The golden age of teenage hijinks movies has not passed. From Booksmart to Blockers and even Good Boys and The Prom the tradition of wedging adolescent yearning into calamitous evenings has never been stronger. But for every American Pie there are a dozen sub-par American Pie rips offs. Supercool might have a capable cast and a twist on the usual story of teenage lust, but it never bothers to embrace its strengths or move beyond its frustrating and incoherent shortfalls.
Supercool was shot in Alabama, is set somewhere in “America”, but it is a Finnish production. Director Teppo Airaksinen seems to be making a move on the Americas with his first English language feature, and it feels like something has been lost in translation.
The film follows timid teenager Neil (Jake Short). Neil is quiet and seems sweet. He spends all of his time drawing comics, hanging with his best friend Gilbert (Miles J. Harvey), and pining over pretty classmate Summer (Madison Davenport). When he finds out that Summer is having a birthday party that weekend, he manages to muster up the courage to ask her for an invite, only for tragedy to strike. Humiliated, Neil goes home to wallow.
Have you ever heard of that superstition that you get to make a wish when the clock strikes 11:11pm? Though it holds as much weight as avoiding stepping on cracks to avoid severing your mom’s spine, Supercool asks what would happen if these wishes came true. That night, Neil asks the Great Whatever for another chance with summer, and the Great Whatever has a very strange way to answer his wish.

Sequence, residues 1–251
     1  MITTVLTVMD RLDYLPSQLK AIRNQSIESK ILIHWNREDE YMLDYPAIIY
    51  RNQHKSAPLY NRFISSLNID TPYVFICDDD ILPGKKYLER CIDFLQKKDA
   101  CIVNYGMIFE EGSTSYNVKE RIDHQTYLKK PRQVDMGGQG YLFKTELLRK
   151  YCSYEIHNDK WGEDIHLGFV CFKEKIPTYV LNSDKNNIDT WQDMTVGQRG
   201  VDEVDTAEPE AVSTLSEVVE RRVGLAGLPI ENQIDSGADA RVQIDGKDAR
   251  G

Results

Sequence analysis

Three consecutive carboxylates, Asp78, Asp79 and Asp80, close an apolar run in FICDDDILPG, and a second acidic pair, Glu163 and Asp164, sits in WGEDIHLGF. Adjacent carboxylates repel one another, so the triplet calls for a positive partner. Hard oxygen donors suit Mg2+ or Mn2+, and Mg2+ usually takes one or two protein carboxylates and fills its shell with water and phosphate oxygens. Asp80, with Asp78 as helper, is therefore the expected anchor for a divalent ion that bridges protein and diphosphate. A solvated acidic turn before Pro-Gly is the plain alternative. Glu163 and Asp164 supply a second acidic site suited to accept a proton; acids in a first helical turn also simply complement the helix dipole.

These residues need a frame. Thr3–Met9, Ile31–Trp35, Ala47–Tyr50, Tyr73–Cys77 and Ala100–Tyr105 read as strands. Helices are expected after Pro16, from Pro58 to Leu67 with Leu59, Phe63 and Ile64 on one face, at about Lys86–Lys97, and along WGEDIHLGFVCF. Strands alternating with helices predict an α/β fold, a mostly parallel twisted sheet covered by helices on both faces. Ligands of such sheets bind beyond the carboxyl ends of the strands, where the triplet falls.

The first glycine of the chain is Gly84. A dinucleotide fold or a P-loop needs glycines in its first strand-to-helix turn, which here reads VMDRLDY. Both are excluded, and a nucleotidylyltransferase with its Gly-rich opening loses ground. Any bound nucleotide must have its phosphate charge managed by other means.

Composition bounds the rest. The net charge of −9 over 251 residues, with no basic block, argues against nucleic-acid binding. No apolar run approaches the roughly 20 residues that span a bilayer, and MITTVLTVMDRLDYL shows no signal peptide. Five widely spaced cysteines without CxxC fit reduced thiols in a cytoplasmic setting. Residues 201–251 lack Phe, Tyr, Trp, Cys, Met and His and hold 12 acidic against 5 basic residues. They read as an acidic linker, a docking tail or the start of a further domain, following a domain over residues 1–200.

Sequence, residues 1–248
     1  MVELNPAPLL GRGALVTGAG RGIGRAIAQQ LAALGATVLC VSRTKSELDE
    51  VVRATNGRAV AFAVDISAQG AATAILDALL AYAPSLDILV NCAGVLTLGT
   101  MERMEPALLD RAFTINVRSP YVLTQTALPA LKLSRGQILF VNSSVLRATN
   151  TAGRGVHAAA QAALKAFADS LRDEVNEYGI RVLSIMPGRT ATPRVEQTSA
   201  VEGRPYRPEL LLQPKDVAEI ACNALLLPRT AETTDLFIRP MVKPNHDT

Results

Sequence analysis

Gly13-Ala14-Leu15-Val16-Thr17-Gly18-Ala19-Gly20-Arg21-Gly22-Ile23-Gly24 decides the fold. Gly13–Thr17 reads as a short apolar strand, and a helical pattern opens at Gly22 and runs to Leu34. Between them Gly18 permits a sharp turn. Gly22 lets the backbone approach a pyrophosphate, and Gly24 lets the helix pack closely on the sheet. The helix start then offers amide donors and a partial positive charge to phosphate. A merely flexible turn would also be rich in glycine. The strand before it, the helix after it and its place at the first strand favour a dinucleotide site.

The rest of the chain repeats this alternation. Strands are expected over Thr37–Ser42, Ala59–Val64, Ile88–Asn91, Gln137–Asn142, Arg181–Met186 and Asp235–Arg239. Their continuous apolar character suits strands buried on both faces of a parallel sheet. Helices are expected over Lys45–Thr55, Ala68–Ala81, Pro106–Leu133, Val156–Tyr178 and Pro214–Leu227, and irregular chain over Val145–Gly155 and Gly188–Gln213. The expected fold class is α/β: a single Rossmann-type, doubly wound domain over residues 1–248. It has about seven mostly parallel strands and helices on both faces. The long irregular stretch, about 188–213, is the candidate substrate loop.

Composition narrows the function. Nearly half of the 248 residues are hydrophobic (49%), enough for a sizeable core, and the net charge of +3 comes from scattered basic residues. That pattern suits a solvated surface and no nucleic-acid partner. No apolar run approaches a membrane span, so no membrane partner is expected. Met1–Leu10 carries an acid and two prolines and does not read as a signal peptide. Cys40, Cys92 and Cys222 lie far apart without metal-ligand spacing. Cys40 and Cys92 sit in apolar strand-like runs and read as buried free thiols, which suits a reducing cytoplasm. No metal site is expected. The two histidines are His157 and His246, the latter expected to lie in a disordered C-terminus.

All of that is well and good, and has laid a solid bedrock for horny teen shenanigans with a magical twist, but Supercool inexplicably drops the ball when it comes to pursuing the good stuff. The magic is not really examined or recreated. This affects no one other than Neil. No one steps up to try to recreate or abuse this power. It is as if the film just needed a way to make Neil slightly more awkward, and then completely forgot that it was initially making moves toward something unique.
Instead we get a moderately interesting story of two amourous teens who are trying to get to a party but keep getting thwarted by unrelated events in rapid succession. There are some inappropriate nods to racism by the police which are played off as a joke, and confounding plot lines and character motivations sprinkled throughout. Watching the film turned into more of an exercise in understanding who might find this interesting than it was in wondering what might happen next.
Not only is the squandered premise a disappointment, but the actors feel wasted here too. Short is downright charming when he is allowed to be, and he easily could have handled a more emotionally cohesive or understandable character arc. Harvey too is the kind of kid who is suited to these comic roles, but he is instead left trying to make sense of the mess of a plot he has to go along with. Damon Wayans Jr. does shine in his surprising turn as Neil’s neighbor, but his character is essentially in a completely different movie than the other two male leads, and Supercool spends far too much time with him.
Supercool sets out for greatness, but flops.